Tuesday, 26 January 2016

The Fallacy About Group Consensus in Consultation

I was working with a group recently and the discussion turned to a recent consultation exercise the organization had run last year. Many of the group were unhappy with the outcome decided upon by the Senior Management Team, a familiar refrain "Management didn't listen to us!" was heard around the room.

I probed a little deeper about what had happened ... "We were asked for our views" I was told, "But Management didn't listen...", "I didn't agree with their decision ...", "It wasn't the outcome I wanted ...".

"What were you expecting from a consultation exercise?" I asked. It transpired that what many people expected was to be asked their opinion and then management to implement a proposal that everyone agreed on, even though not everyone agreed on THE solution. It seemed to me that people had got themselves a little bogged down in what consensus following a consultation exercise actually is.

So I referred people to the explanation of consensus provided by Chris McGoff in his book "The Primes". Chris describes consensus as the following ...

"Process Satisfaction: Was the process used explicit, rational and fair?

Personal Treatment: Were you, personally, treated well? Did you have ample opportunity to be heard, to make your opinion known and to consider others opinions?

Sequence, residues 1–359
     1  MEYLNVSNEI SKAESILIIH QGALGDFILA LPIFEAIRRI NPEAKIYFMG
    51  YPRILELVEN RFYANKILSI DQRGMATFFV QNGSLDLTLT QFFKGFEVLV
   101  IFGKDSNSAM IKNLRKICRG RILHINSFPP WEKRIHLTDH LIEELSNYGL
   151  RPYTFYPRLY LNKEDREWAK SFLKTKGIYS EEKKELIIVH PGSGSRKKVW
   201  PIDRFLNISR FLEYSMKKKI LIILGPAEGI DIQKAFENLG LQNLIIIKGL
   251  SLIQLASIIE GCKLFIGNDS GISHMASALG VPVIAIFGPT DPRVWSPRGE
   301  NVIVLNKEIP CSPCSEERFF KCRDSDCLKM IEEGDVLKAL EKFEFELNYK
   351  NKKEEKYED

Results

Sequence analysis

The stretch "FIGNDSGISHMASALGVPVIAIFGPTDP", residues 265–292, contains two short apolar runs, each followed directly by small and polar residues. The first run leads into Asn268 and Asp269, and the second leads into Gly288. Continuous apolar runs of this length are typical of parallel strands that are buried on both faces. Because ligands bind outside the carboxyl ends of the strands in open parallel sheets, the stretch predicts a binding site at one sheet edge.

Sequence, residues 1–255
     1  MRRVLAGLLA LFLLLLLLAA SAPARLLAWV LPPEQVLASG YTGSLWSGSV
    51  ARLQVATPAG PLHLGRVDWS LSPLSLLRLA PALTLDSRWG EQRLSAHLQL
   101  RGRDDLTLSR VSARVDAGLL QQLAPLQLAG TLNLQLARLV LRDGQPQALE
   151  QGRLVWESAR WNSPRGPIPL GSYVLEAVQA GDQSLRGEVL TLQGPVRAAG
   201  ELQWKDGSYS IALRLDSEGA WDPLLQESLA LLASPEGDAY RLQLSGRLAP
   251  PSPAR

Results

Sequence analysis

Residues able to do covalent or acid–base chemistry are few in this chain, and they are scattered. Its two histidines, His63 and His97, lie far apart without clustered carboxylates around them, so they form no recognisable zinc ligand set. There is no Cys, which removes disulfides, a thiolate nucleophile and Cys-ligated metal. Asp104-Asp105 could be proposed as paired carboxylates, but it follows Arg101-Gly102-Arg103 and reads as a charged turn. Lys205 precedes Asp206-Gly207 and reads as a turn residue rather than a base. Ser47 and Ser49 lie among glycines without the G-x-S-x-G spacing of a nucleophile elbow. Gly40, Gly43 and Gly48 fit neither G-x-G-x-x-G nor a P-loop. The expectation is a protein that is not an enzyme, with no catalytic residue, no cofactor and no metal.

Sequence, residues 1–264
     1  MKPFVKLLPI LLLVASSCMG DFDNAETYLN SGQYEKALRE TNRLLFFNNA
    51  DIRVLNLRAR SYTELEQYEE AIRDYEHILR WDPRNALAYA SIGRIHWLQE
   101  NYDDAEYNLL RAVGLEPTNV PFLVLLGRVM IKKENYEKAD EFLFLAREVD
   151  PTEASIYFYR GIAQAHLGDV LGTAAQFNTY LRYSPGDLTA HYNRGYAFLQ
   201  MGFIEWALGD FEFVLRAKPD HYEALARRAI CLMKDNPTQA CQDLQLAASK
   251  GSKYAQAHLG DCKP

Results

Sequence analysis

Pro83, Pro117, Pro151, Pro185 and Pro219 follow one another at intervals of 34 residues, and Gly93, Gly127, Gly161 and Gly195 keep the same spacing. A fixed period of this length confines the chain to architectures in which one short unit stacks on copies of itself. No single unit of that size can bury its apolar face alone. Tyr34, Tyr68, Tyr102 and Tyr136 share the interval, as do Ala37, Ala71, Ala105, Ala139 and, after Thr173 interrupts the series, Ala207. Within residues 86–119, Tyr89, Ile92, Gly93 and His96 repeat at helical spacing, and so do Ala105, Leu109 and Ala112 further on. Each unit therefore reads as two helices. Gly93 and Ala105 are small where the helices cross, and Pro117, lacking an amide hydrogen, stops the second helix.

Outcome Satisfaction: Can you live with the outcome and commit to supporting the decisions of the group?"

Note the distinction in this last point between "live with" and "agree with". You don't have to agree with everything, but can you live with the decision?

Having explained Chris McGoff's thought process I asked them to review the recent consultation process in light of the Consensus Prime. Upon reflection the group, with a couple of exceptions, believed that the process had been fair, they had been listened to and they could live with the outcome. As one participant commented if "I'd known that consensus didn't necessairly mean agreement, this would have been an easier ride".

So perhaps a learning point for all ... be clear what you mean by consensus when consulting with your employees.

Agree? Disagree? Let me know your thoughts.

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